Personality - W h a t is p e r s o n a lit y ? A pattern of...

Info iconThis preview shows pages 1–4. Sign up to view the full content.

View Full Document Right Arrow Icon
Chapter 14 What is personality? A pattern of psychological and behavioral characteristics Personality researchers answer questions such as: What makes us the way we are? Why do different people respond differently in the same situation? How well does personality predict behavior? What causes personality differences? How do we measure personality? Assessing personality Approaches to personality Psychodynamic Trait Social-Cognitive Humanistic 3 The Plan Assessing Personality
Background image of page 1

Info iconThis preview has intentionally blurred sections. Sign up to view the full version.

View Full DocumentRight Arrow Icon
Personality Assessment Four main sources: Life outcomes Situational tests Observer ratings Self-reports Interviews (open-ended or structured) Personality tests – objective or projective Objective Personality Tests Objective – unbiased, based on facts Clearly stated items Usually yes/no or true false Example: MMPI (Minnesota Multiphasic Personality Inventory) – clinical scales Compare profile to people with known characteristics (i.e. to people with depression) Advantages: Efficiency, standardization Disadvantages: Subject to deliberate distortion NEO- PI Short Form - Mini-4
Background image of page 2
Projective Personality Tests Unstructured stimuli Try to avoid lying, social desirability Advantages: Correct answer not obvious Designed to tap into unconscious impulses Flexible use Disadvantages Lower reliability and validity No set way to interpret them Examples: TAT (Thematic Apperception Test), Rorschach Inkblots, House-Tree-Person Drawings Thematic Apperception Test Projective test designed to measure Achievement motivation Need for power Need for affiliation Thematic Apperception Test: Scoring Defense Mechanisms Manual DMM. This assesses three defense mechanisms: denial (least mature), projection (intermediate), and identification (most mature). Social Cognition and Object Relations SCOR scale. This assesses four different dimensions of object relations: Complexity of Representations of People, Affect-Tone of Relationship Paradigms, Capacity for Emotional Investment in Relationships and Moral Standards, and Understanding of Social Causality. 12 Rorschach Scoring Criteria 1. Location: Does the student use the whole blot, an unusual detail, a common detail, the white space, or some combination? 2.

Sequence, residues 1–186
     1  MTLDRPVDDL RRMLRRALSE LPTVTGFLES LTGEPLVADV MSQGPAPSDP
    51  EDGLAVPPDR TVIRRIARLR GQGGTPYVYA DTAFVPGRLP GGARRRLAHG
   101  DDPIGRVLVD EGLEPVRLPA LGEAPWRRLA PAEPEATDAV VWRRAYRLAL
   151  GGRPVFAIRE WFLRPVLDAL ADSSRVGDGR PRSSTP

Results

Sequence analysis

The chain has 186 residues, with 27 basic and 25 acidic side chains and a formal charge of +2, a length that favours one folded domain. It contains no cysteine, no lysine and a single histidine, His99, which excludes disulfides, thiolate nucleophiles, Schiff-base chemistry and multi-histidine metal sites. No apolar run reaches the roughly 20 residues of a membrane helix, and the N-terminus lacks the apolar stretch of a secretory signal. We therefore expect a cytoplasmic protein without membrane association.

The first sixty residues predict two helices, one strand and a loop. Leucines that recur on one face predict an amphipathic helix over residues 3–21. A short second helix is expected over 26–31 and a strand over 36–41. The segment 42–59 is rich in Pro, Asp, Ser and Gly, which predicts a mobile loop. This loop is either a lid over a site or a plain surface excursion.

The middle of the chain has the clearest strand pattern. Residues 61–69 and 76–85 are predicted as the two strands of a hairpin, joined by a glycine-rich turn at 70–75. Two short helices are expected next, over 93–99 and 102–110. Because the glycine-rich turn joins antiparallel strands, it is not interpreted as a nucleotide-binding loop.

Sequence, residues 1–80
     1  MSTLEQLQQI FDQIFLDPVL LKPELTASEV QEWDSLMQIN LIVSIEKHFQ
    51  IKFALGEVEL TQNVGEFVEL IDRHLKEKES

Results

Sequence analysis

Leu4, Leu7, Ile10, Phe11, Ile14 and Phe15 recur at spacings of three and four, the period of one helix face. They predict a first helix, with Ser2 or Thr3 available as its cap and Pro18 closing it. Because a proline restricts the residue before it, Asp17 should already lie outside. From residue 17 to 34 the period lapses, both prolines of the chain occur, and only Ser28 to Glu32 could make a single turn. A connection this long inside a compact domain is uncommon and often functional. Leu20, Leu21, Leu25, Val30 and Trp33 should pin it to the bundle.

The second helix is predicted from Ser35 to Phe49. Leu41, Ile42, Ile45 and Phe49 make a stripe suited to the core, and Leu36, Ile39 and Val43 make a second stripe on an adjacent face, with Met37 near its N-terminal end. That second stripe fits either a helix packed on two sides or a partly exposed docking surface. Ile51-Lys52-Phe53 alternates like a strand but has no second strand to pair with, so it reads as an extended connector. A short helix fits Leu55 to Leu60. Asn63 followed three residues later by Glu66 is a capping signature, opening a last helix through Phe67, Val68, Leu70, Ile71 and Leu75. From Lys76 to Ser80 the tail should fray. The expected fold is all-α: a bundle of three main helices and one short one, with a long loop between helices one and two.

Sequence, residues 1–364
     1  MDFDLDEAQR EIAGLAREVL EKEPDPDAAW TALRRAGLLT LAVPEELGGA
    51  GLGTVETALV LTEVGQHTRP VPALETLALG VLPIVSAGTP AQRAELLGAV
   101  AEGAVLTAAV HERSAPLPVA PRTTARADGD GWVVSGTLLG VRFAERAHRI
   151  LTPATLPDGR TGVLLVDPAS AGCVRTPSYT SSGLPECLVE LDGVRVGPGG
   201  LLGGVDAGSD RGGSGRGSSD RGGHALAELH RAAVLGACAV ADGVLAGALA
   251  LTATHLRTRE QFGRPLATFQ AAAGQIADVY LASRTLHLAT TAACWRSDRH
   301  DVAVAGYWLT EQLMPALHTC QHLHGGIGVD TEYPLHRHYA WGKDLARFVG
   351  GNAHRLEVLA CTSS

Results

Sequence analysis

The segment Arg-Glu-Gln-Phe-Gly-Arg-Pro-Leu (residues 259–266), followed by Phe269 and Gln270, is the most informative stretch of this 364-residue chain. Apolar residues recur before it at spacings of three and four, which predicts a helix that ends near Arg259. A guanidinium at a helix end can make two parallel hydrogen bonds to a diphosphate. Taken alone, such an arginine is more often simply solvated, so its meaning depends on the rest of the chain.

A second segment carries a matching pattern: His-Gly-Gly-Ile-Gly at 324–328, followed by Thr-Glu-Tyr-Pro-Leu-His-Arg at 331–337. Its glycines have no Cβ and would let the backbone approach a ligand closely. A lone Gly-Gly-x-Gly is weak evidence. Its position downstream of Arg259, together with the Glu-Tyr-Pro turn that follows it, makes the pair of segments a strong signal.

Background image of page 3

Info iconThis preview has intentionally blurred sections. Sign up to view the full version.

View Full DocumentRight Arrow Icon
Image of page 4
This is the end of the preview. Sign up to access the rest of the document.

Page1 / 12

Personality - W h a t is p e r s o n a lit y ? A pattern of...

This preview shows document pages 1 - 4. Sign up to view the full document.

View Full Document Right Arrow Icon
Ask a homework question - tutors are online